Take a look at the following image:

Checker Shadow Illusion

Would you believe me if I told you that Square A is the same shade as Square B?

Probably not.

If I told you that you can’t trust what you see, and that indeed the squares are the same shade, would you believe me then?

Still, probably not.

If I showed you the following proof (the two parallel strips are the same uniform shade – they do not change shading as you go up or down them), would you believe me then?

Checker Shadow Proof

Maybe a bit, but more than likely, probably not.

You’re likely still convinced that square B is lighter than square A.

Why do you believe that?  “It’s quite obvious, Dave” you say.  “Square B IS lighter than square A!  What else do you need to know?”

But square B isn’t.


And if you still don’t believe me, you can see the proof here.

And you still may not believe that.


Part of being a successful leader is knowing when you’re right when everyone else is wrong.  We all have images of the apocryphal lemmings heading off the cliff.

But there’s equal value in knowing when you’re wrong, especially when you don’t know it.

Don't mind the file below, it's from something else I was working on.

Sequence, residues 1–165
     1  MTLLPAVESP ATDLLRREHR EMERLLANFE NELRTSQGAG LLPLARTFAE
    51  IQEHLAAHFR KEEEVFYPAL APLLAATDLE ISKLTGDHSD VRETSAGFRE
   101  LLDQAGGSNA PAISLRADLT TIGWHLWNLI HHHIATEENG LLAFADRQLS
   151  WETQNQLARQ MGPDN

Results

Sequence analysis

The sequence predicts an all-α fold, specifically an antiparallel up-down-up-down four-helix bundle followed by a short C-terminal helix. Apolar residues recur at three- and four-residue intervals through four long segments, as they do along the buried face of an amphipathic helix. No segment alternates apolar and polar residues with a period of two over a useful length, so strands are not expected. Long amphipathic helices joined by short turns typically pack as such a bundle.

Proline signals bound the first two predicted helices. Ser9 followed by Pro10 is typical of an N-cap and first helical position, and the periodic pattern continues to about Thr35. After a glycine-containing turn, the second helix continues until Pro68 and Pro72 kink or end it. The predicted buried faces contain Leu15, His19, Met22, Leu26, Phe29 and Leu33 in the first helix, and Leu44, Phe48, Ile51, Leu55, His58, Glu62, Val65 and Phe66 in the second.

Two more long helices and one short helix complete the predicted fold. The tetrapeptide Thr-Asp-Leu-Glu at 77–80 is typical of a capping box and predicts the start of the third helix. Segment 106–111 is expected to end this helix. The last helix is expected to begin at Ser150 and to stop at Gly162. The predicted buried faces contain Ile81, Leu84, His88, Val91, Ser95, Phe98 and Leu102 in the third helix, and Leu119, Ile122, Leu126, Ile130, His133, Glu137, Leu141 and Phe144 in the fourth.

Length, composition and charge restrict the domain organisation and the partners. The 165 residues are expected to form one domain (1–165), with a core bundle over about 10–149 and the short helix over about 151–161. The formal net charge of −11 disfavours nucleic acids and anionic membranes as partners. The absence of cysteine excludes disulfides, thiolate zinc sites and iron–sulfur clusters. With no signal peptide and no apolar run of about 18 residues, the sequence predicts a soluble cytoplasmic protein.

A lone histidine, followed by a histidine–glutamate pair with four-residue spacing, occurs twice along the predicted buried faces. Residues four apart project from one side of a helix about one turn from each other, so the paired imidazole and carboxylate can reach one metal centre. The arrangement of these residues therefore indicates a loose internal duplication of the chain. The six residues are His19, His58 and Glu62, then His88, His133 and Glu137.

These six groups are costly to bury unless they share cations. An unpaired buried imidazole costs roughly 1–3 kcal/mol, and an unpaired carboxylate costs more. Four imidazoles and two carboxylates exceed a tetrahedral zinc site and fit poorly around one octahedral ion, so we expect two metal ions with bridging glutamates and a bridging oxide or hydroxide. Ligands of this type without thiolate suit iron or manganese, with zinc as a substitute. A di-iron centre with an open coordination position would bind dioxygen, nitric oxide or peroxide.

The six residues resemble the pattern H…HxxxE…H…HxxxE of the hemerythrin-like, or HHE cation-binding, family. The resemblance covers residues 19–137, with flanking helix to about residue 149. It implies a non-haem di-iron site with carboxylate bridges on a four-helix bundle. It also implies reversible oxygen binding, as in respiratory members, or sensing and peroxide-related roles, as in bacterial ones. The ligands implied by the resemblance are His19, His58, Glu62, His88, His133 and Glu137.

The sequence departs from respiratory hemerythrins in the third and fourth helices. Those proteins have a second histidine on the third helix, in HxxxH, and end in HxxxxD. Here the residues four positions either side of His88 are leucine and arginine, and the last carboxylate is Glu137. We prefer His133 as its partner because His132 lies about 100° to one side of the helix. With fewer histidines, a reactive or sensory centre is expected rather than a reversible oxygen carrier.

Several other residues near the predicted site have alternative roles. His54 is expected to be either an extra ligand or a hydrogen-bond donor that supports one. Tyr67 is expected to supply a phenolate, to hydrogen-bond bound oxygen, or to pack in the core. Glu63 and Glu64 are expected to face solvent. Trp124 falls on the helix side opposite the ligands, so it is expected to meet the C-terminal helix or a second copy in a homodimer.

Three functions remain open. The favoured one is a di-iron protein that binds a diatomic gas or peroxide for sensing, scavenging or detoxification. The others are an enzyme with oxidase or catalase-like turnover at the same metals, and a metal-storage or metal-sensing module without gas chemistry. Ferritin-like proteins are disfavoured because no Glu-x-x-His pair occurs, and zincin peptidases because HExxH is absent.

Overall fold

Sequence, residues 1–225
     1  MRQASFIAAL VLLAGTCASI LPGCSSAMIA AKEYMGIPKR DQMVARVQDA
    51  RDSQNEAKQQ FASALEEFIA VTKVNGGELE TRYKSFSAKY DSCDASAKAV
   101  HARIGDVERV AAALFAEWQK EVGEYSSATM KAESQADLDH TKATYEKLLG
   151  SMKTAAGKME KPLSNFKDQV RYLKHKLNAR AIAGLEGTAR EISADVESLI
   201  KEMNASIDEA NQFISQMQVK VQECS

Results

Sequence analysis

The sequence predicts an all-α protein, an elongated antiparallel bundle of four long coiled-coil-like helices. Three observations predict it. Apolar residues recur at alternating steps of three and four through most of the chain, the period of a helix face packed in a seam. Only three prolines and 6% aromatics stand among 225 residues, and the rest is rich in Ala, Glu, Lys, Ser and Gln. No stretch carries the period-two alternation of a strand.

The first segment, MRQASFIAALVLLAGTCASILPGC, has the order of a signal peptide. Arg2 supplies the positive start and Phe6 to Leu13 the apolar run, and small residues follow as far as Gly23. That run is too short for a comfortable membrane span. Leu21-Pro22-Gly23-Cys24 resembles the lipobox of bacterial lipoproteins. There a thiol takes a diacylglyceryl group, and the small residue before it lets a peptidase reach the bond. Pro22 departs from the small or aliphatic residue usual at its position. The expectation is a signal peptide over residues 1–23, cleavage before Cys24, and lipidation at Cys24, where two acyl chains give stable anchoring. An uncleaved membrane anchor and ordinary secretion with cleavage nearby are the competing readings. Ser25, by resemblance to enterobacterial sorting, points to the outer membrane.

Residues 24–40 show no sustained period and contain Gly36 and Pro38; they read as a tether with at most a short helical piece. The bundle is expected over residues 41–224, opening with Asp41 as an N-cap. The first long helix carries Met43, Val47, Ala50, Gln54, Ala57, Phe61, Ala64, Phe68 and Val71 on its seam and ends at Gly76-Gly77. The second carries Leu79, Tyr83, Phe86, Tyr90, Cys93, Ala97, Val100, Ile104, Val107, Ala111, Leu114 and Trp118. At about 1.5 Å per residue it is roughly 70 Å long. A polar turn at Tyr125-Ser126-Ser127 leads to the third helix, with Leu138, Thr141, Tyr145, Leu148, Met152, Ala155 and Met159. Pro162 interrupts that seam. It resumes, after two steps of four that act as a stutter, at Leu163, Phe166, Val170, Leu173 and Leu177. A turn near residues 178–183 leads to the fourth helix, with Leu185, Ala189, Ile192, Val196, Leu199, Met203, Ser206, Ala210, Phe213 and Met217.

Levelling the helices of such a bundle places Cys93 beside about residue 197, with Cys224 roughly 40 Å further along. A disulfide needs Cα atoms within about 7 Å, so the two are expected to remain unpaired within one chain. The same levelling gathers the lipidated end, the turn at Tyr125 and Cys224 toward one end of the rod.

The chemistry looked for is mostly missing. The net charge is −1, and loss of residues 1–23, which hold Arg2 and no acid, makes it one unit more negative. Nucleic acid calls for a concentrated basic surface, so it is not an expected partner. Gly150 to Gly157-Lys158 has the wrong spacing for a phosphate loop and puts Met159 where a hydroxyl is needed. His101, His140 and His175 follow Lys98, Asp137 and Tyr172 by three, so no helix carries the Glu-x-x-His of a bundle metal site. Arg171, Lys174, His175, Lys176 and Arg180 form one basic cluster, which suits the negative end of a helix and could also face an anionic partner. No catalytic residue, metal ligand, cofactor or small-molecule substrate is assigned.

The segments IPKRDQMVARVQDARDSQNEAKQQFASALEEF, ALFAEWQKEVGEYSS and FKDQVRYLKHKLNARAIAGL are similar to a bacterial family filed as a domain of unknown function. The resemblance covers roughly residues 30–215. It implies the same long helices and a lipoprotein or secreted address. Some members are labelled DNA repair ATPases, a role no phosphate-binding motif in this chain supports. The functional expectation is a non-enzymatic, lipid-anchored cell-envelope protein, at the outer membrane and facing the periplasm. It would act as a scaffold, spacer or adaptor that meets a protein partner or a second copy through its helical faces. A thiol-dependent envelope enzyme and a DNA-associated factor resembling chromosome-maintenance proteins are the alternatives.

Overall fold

Like the squares example above, we’ve all had times when the feedback we’ve received about ourselves, our leadership, or our way of interacting with others was completely wrong.  We were certain of it.  Like the squares above, the more we listened to or read the feedback, the more certain we were that the persons providing it were completely mistaken.  Absolutely.  Positively.  No doubt about it.  100% wrong.

You can believe that the squares above are of different shades, and not much harm will come from it.

However, if we refuse to accept feedback that contradicts our self-image, we do run the risk of, lemming-like, walking off our career cliff.

So the next time you’re with your direct report, and he/she is refusing to accept your or others’ feedback, share with them the squares illusion.

And the next time you can’t accept the feedback you’ve just received, print out the squares illusion, cut out squares A & B, and ask yourself what you see.  (I did and had to, before I believed it myself.)

Fundamentally, it’s good to remember, particularly if one is a leader, that being human means being wired in such a way that we don’t always see what we’re actually seeing.


How do you help others accept feedback?

Post your examples and comments below.

Leave a Reply

Your email address will not be published. Required fields are marked *

Fill out this field
Fill out this field
Please enter a valid email address.

This site uses Akismet to reduce spam. Learn how your comment data is processed.